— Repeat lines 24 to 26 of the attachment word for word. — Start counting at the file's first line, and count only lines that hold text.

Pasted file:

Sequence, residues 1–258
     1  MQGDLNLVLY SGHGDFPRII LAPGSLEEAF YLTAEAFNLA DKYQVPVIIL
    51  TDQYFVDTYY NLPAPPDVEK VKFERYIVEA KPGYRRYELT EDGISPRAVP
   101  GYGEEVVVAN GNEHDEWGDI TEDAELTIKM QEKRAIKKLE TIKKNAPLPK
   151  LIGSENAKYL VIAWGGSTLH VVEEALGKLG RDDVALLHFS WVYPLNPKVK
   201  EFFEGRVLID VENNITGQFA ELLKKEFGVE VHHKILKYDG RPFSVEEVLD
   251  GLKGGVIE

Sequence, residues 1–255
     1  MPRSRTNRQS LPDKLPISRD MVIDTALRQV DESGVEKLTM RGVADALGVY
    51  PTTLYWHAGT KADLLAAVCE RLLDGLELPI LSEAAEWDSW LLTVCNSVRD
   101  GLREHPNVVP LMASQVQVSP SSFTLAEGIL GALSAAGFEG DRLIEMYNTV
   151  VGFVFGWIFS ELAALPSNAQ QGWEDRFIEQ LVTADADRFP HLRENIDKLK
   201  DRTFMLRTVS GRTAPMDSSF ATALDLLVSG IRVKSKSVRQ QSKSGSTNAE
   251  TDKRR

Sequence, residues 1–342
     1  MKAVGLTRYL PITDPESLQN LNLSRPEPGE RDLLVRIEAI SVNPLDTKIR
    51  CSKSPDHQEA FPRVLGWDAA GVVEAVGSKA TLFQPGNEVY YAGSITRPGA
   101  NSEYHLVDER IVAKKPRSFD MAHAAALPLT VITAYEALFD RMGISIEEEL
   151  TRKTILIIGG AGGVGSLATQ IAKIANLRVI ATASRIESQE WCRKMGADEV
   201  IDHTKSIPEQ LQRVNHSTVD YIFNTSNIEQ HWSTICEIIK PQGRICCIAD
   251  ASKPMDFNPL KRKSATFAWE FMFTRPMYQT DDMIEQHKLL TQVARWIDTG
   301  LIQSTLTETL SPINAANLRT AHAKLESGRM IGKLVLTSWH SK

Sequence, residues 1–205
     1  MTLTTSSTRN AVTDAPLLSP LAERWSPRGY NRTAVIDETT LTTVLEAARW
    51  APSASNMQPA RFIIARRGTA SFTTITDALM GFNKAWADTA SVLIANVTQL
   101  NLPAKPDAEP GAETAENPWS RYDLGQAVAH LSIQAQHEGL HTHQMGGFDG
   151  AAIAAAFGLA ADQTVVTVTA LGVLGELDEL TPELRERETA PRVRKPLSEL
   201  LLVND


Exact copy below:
     1  MTLTTSSTRN AVTDAPLLSP LAERWSPRGY NRTAVIDETT LTTVLEAARW
    51  APSASNMQPA RFIIARRGTA SFTTITDALM GFNKAWADTA SVLIANVTQL
   101  NLPAKPDAEP GAETAENPWS RYDLGQAVAH LSIQAQHEGL HTHQMGGFDG